Abishag and the comforts of sleeping together that are apart from sex
By Denise Noe
I first encountered the story of Abishag as a child watching the BBC production of The Six Wives of Henry VIII. She was mentioned in the segment about Henry’s doomed fifth queen, Catherine Howard, who would eventually be executed for adultery, a crime that constituted treason in a queen.
On the morning after her wedding night, a distraught Catherine Howard (Angela Pleasance) sobbed in the arms of Lady Rochford (Sheila Burrell). The latter told Catherine she wept “as if you’re heart will break.”
Between sobs Catherine confided, “He called me his Abishag.”
Eyes wide with alarm, a shocked Lady Rochford asked, “Child, what are you saying?”
Then the new Queen spilled out the story of her husband’s impotence. He had quoted from the Biblical story of an elderly King David and Abishag: “He knew her not.”
One of my current projects is to read the Bible cover to cover and I recently came to the passages about David and Abishag. They are in 1 Kings 1: 1-4: “Now king David was old and stricken in years; and they covered him with clothes, but he gat no heat. Wherefore his servants said unto him, Let there be sought for my lord the king a young virgin: and let her stand before the king, and let her cherish him, and let her lie in thy bosom, that my lord the king may get heat. So they sought for a fair damsel throughout the coasts of Israel, and found Abishag a Shunamite, and brought her to the king. And the damsel was very fair, and cherished the king, and ministered to him: but the king knew her not.”
David was sick and cold in his sickness. He craved the warmth of a human body next to his and apparently received comfort from Abishag’s sharing his bed. He enjoyed this comfort even though he did not have sex with her. Whether he did not have sex with her because he was no longer getting erections or simply because he chose not to is something that the Bible story does not make clear.
There is a misandrist tradition that says, “Men are only interested in one thing” and “men are beasts,” meaning that they care exclusively or at least primarily about their sexual pleasures. The tale of David and Abishag suggests that men may enjoy specifically female company without sex. They may like sleeping with women when all they are doing is SLEEPING together.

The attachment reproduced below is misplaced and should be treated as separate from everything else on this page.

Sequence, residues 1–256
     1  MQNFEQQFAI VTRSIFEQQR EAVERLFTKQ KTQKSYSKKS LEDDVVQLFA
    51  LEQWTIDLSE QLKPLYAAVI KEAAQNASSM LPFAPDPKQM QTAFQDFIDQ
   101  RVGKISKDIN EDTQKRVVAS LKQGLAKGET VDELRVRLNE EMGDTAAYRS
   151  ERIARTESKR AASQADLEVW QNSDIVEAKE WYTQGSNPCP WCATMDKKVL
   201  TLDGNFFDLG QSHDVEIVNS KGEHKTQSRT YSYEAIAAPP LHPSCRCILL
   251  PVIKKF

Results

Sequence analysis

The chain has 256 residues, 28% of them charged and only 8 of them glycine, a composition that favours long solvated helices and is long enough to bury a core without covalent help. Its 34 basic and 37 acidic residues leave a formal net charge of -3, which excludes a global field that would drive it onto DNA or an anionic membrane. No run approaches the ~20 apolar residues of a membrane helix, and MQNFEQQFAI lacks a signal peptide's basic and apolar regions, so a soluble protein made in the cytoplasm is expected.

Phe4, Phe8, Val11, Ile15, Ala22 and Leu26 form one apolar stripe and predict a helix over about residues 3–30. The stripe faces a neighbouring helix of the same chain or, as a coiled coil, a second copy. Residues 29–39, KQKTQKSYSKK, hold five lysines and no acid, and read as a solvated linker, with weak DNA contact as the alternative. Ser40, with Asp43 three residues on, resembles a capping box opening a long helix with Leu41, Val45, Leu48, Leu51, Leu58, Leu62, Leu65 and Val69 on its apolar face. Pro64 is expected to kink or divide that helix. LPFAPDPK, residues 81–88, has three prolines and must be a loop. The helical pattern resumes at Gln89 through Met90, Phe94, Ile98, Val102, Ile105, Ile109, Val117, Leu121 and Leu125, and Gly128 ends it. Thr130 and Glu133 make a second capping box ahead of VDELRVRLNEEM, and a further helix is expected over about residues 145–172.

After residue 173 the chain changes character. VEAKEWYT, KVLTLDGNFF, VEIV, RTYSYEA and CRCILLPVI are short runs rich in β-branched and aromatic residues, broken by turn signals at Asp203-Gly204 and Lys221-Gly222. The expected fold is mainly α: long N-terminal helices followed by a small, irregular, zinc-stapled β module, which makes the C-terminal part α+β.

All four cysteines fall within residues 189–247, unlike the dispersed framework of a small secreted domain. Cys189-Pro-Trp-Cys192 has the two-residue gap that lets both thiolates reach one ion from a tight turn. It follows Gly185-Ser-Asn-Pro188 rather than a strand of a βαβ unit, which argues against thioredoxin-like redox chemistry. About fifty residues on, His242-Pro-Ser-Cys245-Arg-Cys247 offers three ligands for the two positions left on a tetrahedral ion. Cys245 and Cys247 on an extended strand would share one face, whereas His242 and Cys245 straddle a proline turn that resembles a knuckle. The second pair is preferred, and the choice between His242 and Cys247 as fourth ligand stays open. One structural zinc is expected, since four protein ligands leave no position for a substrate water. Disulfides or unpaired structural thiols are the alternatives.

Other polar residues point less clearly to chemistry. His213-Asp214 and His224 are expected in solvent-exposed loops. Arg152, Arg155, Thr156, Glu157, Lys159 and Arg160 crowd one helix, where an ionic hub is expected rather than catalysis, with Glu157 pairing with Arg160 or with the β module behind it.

That brings me to a pet peeve: the use of the term “slept with” as a euphemism for “had sex with.” To sleep with someone and to have sex with someone are two very different things so the euphemism is downright misleading.
Sleeping alone can leave a person feeling deprived even if that person has no sexual yearnings and sleeping with someone can be a comfort in the absence of a sexual relationship.
This is so even if that “someone” is of another species. A neighbor’s dog stayed with me for about a month. She often slept with me and no, there was no act of bestiality with the neutered canine. However, I found it very comforting to go to sleep with a dog right next to me, especially with her right against me or with one of my arms around her.
Like King David and Abishag, people can and do sleep together sans sex. It can be nice to just hold and hug another person as one drifts off to dreamland. This is a gentle joy entirely separate from the far more intense pleasures of sex.
I have a friend who is asexual and lived in an unconsummated marriage for several years. She and her husband never engaged in any kind of sexual activity but they shared a bed.
I once took a class in which a guest lecturer told of how Mahatma Gandhi had decided to be celibate. The lecturer related, “To test his willpower over his sexual urges, Gandhi often slept with pretty young women without having sex.”
Wit that I am, I chirped, “Did he ever flunk?”
“No, not as far as is known,” was the reply.
Of course, the Bible itself, at least in the King James Version which is the one I am reading, describes sexual activity through a euphemism: “He knew her not.” Sex in the Bible is often described in terms of either “lying with” or “knowing.” The former is very close to “slept with” in the way in which it is misleading.
“Knowing” is also misleading since people know usually other people outside of a sexual context. I have read it suggested that this term suggests that sexual activity is a kind of ultimate “knowing” of another person because of its extreme intimacy.
However, I think we should speak plainly and say “had sex with” when that is what is meant. Those are my thoughts. Readers, what are yours?